A pensive interpretation of the hymn “Who Trusts in God a Strong Abode” including an all new melody by Timothy Shaw for two-part equal voices, organ or piano, and with an optional solo. This is the hymn of the day for Trinity 23 and is appropriate for services themed around trust and God’s providence.
Choirs ready to begin exploring more adventuresome music can use Who Trusts In God as an effective first step out of purely diatonic music. The atmospheric accompaniment shifts around suggesting tonal centers without observing strict common practice tonality. The vocal lines are tuneful and easy to absorb. Meter shifts frequently, but again the rhythm is comfortable. To lighten the demands on the full choir, an extensive middle section can be sung by a soloist. The opening material returns after this with only minor alterations, creating a balanced ternary form. This attractive, interesting piece is an excellent way to introduce a broader tonal palette to choirs. (Journal of the Association of Anglican Musicians, May/June 2015)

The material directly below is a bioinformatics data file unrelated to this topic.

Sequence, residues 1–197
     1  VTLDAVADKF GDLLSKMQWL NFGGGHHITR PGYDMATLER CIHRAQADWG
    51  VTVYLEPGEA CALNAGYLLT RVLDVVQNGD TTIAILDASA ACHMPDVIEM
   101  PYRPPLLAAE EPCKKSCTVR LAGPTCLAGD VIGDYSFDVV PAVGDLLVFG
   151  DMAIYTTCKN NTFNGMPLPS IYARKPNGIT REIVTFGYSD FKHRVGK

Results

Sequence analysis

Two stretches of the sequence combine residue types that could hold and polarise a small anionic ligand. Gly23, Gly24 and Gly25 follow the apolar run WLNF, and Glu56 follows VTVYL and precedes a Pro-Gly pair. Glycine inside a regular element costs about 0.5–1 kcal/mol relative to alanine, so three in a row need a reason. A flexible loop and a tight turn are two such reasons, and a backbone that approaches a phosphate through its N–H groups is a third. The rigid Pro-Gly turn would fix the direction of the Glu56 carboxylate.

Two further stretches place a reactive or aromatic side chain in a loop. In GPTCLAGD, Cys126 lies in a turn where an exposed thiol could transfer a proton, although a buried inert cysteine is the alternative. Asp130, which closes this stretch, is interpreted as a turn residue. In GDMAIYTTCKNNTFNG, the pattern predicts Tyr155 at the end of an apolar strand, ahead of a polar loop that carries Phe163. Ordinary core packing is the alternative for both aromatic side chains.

Since the 500th anniversary of the Reformation is coming in 2017, many choirs will surely want to perform not only classic Lutheran chorales, hymnody, and various choral music from the early days of Lutheranism but also new settings of these great texts. Shaw has taken the sturdy words of a 16th-century hymn and given them a fresh new melodic treatment. (CrossAccent, vol. 23/1)
Although equal voices are called for, part two has a low tessitura, which could be sung by the men’s voices. There is an extended faster section for a solo voice before the opening theme returns. The keyboard part is not difficult, but interesting, giving the music a haunting quality. Highly recommended. (The Diapason, June 2016)